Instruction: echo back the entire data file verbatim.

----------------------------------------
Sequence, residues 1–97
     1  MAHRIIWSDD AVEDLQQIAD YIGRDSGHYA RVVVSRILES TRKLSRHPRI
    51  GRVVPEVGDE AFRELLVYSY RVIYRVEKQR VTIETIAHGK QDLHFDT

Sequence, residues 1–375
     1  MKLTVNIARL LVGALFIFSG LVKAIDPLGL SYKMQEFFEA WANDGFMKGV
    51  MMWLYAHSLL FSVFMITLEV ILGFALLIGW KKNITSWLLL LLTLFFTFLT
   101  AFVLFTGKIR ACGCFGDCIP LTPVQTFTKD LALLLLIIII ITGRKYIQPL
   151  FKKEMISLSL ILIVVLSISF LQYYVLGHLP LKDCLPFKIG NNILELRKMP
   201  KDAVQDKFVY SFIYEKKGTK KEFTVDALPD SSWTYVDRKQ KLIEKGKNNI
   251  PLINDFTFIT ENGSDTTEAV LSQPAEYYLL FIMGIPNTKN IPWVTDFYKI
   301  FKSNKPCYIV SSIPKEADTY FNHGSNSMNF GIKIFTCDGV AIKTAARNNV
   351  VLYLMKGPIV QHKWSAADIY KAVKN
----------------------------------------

Sequence, residues 1–97
     1  MAHRIIWSDD AVEDLQQIAD YIGRDSGHYA RVVVSRILES TRKLSRHPRI
    51  GRVVPEVGDE AFRELLVYSY RVIYRVEKQR VTIETIAHGK QDLHFDT

Sequence, residues 1–375
     1  MKLTVNIARL LVGALFIFSG LVKAIDPLGL SYKMQEFFEA WANDGFMKGV
    51  MMWLYAHSLL FSVFMITLEV ILGFALLIGW KKNITSWLLL LLTLFFTFLT
   101  AFVLFTGKIR ACGCFGDCIP LTPVQTFTKD LALLLLIIII ITGRKYIQPL
   151  FKKEMISLSL ILIVVLSISF LQYYVLGHLP LKDCLPFKIG NNILELRKMP
   201  KDAVQDKFVY SFIYEKKGTK KEFTVDALPD SSWTYVDRKQ KLIEKGKNNI
   251  PLINDFTFIT ENGSDTTEAV LSQPAEYYLL FIMGIPNTKN IPWVTDFYKI
   301  FKSNKPCYIV SSIPKEADTY FNHGSNSMNF GIKIFTCDGV AIKTAARNNV
   351  VLYLMKGPIV QHKWSAADIY KAVKN